The true university these days is a collection of books.
-Thomas Carlyle

Sunday, 24 August 2008

The Unswept Path: Contemporary American Haiku

Ok, ok, I admit it. I am a HAIKU JUNKIE, I can say it, I'm not afraid. And this week my weakness won and I bought this lovely book of Contemporary American Haiku.
I have quite a few Haiku collections which I hope to feature here at times in the future, and from which I feature poems for Haiku of the week (in the column to your right). I love both traditional and contemporary versions of these three line poems. I am not going to present the Japanese history or dynamics here. You can learn more about Haiku origins and rules, if you wish, by clicking here.
Each chapter in this anthology is written by a different poet, with a short introduction followed by a small collection of their work. Each chapter is very firmly written in the voice of its author, creating some very diverse styles of thought and subject matter, some traditional, gentle, nature-based and seasonal, some more modern, punchy and unusual, even.
The introductions to each poet are also individual and a joy to read. We have a couple who lived in a run down house in Japan for many years and wrote poetry about their stay. We have a man who had a brief but passionate affair with a mysterious Japanese woman with whom he translated some haiku into English and then wrote his own about her. We have an old couple who have lived in Japan for many years, writing and walking their way through the landscape they love, only now in their eighties, find themselves in sheltered accomodation and too ill to go far from home. There are many more.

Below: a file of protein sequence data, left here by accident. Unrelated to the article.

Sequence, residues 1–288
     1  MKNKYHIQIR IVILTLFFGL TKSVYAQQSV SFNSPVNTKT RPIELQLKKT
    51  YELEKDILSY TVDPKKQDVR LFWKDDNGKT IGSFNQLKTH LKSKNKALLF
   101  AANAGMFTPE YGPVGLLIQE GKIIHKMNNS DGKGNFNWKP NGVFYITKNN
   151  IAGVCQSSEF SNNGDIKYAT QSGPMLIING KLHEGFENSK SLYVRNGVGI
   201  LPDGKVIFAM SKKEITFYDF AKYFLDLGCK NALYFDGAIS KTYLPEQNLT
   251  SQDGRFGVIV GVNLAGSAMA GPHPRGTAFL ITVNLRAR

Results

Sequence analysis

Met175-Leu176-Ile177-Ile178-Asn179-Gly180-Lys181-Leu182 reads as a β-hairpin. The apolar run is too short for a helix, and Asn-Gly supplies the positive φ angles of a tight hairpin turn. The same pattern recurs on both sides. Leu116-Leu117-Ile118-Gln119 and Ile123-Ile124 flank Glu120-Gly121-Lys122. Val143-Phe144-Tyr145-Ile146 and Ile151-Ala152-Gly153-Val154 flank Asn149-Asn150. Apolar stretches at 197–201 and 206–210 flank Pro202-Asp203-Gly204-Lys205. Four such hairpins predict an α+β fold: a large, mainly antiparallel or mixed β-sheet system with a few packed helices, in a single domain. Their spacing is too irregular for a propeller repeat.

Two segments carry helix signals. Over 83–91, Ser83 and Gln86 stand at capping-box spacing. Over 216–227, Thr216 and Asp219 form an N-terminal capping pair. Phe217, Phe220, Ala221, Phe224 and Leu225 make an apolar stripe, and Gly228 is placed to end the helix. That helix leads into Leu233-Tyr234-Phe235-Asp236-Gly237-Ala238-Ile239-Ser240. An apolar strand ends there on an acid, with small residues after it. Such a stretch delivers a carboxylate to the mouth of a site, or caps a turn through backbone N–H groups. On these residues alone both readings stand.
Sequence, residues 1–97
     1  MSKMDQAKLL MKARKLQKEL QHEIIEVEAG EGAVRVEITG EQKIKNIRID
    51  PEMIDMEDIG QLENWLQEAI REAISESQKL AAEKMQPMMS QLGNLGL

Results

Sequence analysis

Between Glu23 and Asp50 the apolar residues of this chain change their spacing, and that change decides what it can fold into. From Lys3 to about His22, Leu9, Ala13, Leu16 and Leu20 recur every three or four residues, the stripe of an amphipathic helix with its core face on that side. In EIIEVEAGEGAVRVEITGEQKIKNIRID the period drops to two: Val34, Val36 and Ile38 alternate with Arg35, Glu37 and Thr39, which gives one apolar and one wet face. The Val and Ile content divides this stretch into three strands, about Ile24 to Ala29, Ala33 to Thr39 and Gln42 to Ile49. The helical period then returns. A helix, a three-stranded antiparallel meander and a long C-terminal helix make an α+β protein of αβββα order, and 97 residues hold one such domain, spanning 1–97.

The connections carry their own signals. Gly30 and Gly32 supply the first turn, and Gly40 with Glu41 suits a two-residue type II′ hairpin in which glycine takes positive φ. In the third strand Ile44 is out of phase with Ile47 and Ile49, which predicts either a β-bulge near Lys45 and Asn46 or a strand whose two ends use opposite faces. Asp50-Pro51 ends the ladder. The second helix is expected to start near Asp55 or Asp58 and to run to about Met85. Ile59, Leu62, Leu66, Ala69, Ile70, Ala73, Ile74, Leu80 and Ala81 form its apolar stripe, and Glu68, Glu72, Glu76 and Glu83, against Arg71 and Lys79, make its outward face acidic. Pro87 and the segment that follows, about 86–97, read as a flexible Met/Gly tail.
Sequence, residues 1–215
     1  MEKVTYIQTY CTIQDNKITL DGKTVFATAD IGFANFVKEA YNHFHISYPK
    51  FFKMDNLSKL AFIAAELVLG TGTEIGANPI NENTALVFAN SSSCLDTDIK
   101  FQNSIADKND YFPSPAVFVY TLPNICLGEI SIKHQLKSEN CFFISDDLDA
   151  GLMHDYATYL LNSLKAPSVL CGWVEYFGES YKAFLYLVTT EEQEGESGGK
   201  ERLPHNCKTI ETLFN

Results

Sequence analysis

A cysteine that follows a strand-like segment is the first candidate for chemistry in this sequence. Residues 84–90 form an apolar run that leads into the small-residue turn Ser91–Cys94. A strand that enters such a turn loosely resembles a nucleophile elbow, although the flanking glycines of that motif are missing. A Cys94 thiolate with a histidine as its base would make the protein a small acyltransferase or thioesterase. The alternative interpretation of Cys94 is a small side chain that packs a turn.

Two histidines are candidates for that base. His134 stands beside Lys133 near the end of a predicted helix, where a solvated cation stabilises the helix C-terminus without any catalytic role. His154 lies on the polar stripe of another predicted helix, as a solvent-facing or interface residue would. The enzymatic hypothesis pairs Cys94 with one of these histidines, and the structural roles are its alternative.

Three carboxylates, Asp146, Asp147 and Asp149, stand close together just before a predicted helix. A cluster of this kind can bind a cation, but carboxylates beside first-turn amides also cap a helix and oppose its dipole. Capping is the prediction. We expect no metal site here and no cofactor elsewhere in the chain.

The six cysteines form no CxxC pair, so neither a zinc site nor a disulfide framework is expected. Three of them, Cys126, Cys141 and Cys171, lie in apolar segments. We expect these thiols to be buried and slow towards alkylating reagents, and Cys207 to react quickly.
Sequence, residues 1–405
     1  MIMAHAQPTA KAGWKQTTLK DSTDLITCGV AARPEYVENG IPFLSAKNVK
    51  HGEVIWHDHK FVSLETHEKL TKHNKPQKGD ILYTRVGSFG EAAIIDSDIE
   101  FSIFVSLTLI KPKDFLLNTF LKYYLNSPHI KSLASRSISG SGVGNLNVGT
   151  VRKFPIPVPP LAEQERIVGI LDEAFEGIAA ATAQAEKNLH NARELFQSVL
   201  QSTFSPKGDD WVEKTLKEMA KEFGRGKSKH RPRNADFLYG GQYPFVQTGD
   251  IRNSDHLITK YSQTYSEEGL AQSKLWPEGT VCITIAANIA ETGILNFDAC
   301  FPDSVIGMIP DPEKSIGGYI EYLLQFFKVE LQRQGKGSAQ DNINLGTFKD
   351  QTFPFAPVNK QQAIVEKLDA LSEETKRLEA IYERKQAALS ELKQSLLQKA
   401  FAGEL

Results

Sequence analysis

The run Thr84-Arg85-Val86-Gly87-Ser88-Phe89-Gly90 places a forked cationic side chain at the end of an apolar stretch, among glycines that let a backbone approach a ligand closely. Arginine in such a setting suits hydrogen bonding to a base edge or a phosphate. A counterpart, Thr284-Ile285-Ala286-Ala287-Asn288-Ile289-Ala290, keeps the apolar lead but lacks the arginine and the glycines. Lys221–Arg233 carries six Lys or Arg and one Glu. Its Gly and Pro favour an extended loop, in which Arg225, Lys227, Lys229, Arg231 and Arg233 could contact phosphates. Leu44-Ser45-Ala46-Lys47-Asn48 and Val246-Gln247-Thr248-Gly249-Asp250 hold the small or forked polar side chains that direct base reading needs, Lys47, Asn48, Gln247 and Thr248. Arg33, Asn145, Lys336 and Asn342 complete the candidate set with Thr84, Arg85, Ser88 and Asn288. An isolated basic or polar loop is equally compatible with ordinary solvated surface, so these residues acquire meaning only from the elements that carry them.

The introductions also include many descriptions of what Haiku means to them, why this very distinct form of writing is important to them. My particular favourite came from Patricia Donegan...
"Haiku can be the antedote to the speed of post-modern culture, allowing one to step off the spinning wheel, to stop and breathe deeply and slowly. To note the birth and death of each moment."
There will be many haiku from this book that will make it onto Haiku of the week so look out for those. There are also links on the right hand column for good Haiku sites that I know of...


Gentle Reader said...

I love the quote from Patricia Donegan--"to note the birth and death of each moment". Haiku sounds like meditation to me! I think I might need to read some :)

Leah said...

There are some lovely descriptions throughout the book, and I guess haiku are like meditations, especially when you revisit them again and again. There is a sense of calm about them.

Alan Summers said...

I've enjoyed this book too, and it nestles quite comfortably with the other 200 or more books on haiku without getting lost at all.

I don't know if you can come to either South of England book launches of Wing Beats: British Birds in Haiku but we'd sure love to see you! ;-)

Details of both launches
are at Area 17: weblink

Cloudscome said...

This looks fabulous. I am looking forward to your postings.

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